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In Nigeria, Sugar at Home, Sweets from Abroad

  • Heather Murdock

A laborer gathers sugarcane at a commercial farmland in Numan community, Adamawa state, northeast of Nigeria, Nov. 2009.

A laborer gathers sugarcane at a commercial farmland in Numan community, Adamawa state, northeast of Nigeria, Nov. 2009.

Northern Nigerian farmers boast about land that could be some of the most productive for sugar in West Africa - but they say that productivity is wasted without big-time local buyers. And while the government works to implement new policies to help the local industry, farmers sell sugar cane as snacks on the street while the country imports 97 percent of the sugar it consumes.

Mallam Usman Abdu Gubuci describes himself as one of the sugar-farming "giants" in his area, with five hectares of land. He said his part of northern Nigeria could be a major supplier of sugar to West Africa, but that farmers no longer even bother to grow sugar that can be refined.

“There is special sugar cane for that sugar, which we were introduced with. But when we planted it, no buyer. In other words, no industry to buy so we ended up wasting our money,” said Gubuci.

Reducing sugar imports

Instead, he said, all of his product goes to local markets and people drink sugar water from the stalks. And while these stalks do sell, he said, it is not a business that can grow.

Last fall, the Nigerian government introduced a new plan to decrease sugar imports and boost Nigerian production. The plan includes increasing taxes on imported sugar and giving tax breaks to anyone who wants to invest in local sugar refinement. It also calls for no import duties on machinery used for processing sugar.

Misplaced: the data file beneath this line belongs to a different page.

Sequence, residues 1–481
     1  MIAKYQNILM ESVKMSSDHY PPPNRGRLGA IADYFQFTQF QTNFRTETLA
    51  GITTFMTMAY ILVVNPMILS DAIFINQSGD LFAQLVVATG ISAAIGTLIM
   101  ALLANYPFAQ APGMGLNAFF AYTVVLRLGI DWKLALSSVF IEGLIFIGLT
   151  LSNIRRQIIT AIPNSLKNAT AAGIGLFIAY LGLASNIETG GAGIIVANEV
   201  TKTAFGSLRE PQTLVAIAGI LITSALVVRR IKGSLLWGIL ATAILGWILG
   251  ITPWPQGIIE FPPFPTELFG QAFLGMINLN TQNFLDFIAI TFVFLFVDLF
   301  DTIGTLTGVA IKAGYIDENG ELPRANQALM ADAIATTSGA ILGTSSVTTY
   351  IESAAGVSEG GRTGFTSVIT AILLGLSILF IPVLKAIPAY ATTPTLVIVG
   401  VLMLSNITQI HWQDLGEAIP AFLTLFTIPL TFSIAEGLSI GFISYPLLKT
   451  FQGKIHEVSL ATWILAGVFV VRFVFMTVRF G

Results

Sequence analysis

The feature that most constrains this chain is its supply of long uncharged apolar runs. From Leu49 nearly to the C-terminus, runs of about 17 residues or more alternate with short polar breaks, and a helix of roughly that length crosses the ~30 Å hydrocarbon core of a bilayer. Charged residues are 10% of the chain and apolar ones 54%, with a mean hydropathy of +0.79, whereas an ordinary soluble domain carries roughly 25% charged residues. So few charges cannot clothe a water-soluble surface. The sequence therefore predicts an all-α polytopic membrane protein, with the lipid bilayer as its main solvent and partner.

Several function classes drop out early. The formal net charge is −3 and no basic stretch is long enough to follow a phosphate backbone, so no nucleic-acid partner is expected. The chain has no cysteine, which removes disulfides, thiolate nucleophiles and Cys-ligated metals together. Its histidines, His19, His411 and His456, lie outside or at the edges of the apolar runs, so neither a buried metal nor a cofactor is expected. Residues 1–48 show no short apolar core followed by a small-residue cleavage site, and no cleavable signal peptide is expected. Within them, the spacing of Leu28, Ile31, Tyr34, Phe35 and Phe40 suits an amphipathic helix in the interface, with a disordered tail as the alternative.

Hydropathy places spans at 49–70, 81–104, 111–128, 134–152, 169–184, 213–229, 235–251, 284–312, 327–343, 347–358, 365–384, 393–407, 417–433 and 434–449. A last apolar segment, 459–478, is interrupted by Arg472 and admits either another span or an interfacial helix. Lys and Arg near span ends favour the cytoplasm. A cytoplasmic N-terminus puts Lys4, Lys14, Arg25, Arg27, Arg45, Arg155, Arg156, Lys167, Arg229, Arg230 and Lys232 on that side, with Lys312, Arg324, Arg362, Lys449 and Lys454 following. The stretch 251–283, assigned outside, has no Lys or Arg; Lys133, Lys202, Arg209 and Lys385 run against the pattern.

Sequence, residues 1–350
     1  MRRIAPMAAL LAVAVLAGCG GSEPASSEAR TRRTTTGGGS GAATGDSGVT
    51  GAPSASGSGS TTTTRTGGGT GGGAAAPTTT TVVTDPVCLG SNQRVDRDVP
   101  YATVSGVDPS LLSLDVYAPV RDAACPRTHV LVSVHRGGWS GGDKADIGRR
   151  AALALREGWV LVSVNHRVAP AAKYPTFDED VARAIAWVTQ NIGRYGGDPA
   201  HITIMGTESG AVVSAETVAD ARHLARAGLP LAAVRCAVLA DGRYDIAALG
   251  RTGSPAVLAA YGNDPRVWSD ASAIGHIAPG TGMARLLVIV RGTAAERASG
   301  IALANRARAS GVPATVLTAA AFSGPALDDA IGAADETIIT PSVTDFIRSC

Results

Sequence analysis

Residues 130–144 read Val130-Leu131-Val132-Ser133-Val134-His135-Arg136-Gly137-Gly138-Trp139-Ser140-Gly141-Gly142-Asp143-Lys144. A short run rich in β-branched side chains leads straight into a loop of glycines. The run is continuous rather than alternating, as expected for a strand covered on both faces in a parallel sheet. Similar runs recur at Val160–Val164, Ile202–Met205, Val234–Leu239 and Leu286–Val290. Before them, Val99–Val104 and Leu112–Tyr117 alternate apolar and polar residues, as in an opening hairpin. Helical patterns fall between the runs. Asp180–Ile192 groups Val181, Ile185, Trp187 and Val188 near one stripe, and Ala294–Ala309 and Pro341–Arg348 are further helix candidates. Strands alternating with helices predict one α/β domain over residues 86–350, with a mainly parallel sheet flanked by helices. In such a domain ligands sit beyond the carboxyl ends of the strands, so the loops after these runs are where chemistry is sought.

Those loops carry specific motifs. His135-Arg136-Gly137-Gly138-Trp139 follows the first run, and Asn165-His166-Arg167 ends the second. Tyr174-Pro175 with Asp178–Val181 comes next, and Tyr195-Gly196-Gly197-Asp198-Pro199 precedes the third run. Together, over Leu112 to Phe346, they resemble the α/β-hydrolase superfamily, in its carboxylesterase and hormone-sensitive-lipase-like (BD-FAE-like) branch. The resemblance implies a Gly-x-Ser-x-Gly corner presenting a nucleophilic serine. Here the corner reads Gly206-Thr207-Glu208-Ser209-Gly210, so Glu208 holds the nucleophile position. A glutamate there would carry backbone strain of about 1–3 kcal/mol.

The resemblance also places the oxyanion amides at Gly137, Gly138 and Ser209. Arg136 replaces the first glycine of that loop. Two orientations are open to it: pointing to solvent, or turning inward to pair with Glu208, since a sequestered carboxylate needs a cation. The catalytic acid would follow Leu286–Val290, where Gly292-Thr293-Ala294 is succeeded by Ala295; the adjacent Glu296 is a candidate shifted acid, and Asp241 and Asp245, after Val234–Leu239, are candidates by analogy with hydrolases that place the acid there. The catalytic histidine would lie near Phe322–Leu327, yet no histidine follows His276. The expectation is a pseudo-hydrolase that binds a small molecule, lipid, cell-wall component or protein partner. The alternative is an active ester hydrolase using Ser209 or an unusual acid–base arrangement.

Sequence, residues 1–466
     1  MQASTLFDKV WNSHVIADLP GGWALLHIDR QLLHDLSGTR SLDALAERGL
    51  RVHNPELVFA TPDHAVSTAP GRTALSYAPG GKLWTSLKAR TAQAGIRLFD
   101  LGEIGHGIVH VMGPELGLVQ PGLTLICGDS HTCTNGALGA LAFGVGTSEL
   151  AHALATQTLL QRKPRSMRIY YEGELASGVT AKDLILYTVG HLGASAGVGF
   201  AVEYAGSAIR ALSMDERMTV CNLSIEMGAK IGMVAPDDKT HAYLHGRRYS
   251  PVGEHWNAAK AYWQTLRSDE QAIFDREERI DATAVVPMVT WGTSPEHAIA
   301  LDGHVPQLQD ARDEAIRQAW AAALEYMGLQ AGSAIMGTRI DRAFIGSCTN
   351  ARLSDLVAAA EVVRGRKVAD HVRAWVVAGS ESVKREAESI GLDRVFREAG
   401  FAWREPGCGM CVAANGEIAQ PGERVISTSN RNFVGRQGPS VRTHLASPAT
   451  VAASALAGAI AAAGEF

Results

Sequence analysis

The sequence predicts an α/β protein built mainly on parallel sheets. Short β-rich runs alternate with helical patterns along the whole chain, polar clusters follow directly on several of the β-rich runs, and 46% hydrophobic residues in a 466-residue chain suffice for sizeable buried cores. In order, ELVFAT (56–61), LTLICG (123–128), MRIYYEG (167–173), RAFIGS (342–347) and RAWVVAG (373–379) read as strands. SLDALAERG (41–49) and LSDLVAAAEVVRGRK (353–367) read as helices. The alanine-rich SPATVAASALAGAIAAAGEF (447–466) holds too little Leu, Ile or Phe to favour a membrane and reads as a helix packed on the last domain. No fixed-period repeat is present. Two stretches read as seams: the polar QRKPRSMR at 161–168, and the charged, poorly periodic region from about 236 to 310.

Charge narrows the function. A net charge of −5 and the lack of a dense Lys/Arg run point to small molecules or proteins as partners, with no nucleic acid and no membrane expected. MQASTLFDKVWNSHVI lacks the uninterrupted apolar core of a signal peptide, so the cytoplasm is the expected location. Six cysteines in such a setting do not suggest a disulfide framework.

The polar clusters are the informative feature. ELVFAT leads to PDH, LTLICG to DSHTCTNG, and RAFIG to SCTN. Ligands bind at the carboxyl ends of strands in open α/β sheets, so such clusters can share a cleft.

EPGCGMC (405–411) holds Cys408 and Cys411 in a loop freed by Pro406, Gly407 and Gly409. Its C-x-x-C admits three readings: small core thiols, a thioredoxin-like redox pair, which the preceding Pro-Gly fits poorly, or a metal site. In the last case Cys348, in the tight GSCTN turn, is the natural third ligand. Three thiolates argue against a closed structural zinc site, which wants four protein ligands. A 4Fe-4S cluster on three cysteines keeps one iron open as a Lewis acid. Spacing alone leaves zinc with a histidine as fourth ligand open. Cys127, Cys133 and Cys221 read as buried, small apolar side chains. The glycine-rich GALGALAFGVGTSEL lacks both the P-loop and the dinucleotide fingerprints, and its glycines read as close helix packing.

Sugar officials say Nigeria spent $620 million on sugar imports in 2012, and they don’t expect that number to decline immediately.

Hajiya Bilkisu Mohammed, who heads the Association of Women Farmers in northern Nigeria, said that part of the reason local farmers can’t sell sugar for refining is that factories in this part of Nigeria have to battle constant electrical shortages. They must rely on expensive generators, driving up costs and making their products more expensive.

Potential for profit

Saidu Usman Gwambe, a sugar cane farmer, said his land has the potential to be enormously profitable, but he’s not sure how much longer he can wait for a government rescue.

"We can call government to come and support us to continue the producing of the sugar cane," said Gwambe.

The Nigerian government also has announced plans to reduce imports of other food products in recent months. In January, President Goodluck Jonathan promised to increase food production by 20 million metric tons by 2015. He said that will create 3.5 million jobs and reduce Nigeria’s dependence on imports.

Ibrahima Yakuba contributed to this report from Kaduna, Nigeria.

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